About a year after the gallbladder and stone removal I developed a large hernia on the incision scar. The surgeon at home who repaired that hernia shook his head that the Paris doctors had only sewed up one layer of muscle at the incision rather than two layers of muscle as he would have done.

    The French nurses were something else. When I was taking a shower, they would come in and suddenly open the shower curtain. Maybe that practice would enliven the care we get in our prudish American hospitals.

    On checking out of the hospital in Paris I sat waiting about 30-40 minutes while the check out lady on the staff just ignored me and handled other later arrivals at the discharge office. That was the only time I have ever seen rudeness from a French person. Finally, in desperation, I asked one of the other people in the office so that the rude lady would hear, that I was doctor so and so (well I am, but a PhD, not an MD), and I wanted to check out of the hospital and pay my bill. I’m pretty mild mannered and wouldn’t have ordinarily spoken up like I did later, but I had politely told the rude lady when I arrived that I wanted to check out. My later frustrated statement to others got the rude lady’s attention, and she immediately started processing me out, perhaps fearing that a “doctor” like me might tell the French doctors of her behavior.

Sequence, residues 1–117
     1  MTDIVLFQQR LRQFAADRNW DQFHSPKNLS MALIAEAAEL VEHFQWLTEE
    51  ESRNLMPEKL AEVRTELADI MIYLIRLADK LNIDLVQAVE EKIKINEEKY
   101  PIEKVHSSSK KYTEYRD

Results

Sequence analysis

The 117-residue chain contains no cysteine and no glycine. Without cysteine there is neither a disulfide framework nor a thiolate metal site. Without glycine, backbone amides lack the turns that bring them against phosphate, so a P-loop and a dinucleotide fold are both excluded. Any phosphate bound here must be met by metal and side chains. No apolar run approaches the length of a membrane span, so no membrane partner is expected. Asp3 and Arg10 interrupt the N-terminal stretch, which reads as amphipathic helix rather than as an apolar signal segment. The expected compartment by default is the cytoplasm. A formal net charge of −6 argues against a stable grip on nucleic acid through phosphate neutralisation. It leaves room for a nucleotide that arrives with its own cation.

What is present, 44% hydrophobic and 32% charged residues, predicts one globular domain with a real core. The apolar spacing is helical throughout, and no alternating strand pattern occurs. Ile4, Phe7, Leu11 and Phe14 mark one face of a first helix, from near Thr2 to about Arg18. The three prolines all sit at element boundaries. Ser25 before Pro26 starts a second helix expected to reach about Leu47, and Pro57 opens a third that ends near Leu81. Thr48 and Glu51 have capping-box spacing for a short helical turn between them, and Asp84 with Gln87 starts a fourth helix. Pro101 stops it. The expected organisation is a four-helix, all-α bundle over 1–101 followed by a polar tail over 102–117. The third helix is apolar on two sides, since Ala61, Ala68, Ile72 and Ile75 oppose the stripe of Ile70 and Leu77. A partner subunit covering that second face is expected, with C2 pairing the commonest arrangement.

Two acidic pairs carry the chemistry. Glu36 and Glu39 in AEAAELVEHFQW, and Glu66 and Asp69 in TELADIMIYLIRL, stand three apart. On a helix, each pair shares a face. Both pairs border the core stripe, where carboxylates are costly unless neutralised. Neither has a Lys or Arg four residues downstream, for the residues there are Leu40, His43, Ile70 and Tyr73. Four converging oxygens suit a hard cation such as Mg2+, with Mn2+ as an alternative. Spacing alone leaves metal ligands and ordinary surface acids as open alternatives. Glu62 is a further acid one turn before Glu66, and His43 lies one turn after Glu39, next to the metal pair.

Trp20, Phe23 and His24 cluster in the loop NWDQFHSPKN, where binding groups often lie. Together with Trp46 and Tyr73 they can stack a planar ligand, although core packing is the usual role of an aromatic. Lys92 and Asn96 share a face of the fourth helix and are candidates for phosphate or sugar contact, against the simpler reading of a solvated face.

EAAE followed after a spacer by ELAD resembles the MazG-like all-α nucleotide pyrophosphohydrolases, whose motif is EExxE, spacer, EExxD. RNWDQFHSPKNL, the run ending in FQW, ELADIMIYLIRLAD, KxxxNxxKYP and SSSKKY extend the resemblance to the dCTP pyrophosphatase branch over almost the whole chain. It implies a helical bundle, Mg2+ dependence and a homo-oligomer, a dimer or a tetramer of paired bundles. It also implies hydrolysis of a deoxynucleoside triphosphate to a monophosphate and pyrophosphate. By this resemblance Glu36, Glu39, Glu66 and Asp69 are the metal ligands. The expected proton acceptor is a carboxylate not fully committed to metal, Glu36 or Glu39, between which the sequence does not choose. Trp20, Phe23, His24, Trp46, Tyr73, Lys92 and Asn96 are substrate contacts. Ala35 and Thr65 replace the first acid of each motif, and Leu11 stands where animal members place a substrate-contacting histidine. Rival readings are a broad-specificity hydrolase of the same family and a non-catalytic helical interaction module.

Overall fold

That was my experience with the semi-French health care system at the American Hospital in Paris.